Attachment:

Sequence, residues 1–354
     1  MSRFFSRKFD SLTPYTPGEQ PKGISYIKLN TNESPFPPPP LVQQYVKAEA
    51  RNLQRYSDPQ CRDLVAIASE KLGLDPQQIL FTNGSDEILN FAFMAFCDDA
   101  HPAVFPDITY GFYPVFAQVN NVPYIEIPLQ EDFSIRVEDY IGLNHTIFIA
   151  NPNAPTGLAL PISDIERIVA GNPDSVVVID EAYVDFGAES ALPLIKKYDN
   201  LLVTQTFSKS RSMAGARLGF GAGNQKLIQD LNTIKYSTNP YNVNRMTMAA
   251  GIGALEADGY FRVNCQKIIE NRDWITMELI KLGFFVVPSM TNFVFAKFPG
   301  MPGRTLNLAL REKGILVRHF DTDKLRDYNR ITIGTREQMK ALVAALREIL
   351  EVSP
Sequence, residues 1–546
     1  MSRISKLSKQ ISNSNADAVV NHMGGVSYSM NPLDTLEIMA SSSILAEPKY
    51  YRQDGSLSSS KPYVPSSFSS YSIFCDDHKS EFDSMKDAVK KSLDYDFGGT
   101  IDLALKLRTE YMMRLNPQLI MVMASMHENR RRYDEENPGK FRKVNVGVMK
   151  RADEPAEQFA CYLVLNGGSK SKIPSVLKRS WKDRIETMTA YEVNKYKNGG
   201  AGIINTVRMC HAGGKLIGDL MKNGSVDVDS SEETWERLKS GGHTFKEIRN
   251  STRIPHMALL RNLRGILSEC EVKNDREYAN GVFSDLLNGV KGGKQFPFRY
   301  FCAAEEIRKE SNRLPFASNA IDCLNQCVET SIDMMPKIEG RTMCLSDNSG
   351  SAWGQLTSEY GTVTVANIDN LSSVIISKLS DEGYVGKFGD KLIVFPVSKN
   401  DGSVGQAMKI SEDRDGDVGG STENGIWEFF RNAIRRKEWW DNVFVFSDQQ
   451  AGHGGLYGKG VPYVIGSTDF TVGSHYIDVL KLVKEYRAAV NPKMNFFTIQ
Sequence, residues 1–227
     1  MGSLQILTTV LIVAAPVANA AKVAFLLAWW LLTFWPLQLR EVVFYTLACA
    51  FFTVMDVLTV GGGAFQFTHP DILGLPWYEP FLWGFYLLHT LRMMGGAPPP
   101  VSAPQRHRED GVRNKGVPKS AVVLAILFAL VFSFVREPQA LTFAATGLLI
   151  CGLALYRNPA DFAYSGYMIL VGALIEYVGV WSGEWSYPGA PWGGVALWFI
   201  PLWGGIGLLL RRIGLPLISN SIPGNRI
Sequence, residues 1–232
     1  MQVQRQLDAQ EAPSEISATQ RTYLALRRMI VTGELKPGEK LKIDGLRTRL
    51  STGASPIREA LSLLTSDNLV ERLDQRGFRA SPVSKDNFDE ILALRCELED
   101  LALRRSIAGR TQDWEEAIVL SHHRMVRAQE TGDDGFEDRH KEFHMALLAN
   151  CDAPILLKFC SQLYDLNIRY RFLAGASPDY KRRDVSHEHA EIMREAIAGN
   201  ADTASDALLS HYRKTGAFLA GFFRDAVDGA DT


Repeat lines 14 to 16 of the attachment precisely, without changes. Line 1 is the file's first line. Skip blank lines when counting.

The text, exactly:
   151  RADEPAEQFA CYLVLNGGSK SKIPSVLKRS WKDRIETMTA YEVNKYKNGG
   201  AGIINTVRMC HAGGKLIGDL MKNGSVDVDS SEETWERLKS GGHTFKEIRN
   251  STRIPHMALL RNLRGILSEC EVKNDREYAN GVFSDLLNGV KGGKQFPFRY